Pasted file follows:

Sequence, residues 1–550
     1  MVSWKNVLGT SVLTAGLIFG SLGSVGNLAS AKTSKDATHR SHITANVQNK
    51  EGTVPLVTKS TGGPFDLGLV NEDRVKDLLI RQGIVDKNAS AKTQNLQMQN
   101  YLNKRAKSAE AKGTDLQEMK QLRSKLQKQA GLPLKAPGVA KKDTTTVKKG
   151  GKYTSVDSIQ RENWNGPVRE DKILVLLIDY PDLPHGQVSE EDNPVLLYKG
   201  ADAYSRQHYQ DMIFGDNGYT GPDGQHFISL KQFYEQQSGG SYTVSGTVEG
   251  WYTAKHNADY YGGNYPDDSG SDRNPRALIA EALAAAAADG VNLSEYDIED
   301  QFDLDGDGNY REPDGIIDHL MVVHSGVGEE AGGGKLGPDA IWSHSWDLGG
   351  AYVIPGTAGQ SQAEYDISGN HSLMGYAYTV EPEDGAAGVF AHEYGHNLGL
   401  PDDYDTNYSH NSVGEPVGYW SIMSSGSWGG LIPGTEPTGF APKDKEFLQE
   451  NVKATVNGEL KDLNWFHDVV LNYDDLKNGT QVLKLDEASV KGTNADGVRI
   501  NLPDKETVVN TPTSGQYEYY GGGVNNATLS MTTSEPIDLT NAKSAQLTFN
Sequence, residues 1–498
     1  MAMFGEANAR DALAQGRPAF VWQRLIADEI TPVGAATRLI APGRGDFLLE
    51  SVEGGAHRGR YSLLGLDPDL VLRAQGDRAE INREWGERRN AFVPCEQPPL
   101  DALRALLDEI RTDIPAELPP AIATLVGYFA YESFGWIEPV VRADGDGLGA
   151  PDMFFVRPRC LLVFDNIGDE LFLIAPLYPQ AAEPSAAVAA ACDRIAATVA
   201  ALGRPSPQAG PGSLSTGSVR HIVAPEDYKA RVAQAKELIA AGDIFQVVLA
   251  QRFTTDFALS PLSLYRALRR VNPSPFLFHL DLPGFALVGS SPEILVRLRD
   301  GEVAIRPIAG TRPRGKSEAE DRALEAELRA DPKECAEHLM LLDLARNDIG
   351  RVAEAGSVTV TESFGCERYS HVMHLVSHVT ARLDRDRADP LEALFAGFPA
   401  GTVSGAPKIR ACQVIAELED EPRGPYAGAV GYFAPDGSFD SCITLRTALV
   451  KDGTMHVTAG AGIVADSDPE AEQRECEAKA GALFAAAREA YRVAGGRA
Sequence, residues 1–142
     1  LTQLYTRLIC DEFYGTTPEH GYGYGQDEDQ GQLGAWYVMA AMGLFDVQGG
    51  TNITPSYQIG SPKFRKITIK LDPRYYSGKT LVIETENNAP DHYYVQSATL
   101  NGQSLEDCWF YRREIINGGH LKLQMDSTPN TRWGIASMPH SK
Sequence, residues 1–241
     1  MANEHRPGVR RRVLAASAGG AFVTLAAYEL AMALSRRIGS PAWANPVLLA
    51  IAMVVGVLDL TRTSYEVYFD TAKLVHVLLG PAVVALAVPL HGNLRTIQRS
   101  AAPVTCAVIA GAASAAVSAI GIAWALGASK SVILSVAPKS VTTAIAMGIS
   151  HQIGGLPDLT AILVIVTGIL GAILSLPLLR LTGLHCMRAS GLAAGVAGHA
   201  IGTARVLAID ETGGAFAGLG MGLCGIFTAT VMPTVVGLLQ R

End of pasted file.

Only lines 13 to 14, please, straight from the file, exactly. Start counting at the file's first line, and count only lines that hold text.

Sequence, residues 1–498
     1  MAMFGEANAR DALAQGRPAF VWQRLIADEI TPVGAATRLI APGRGDFLLE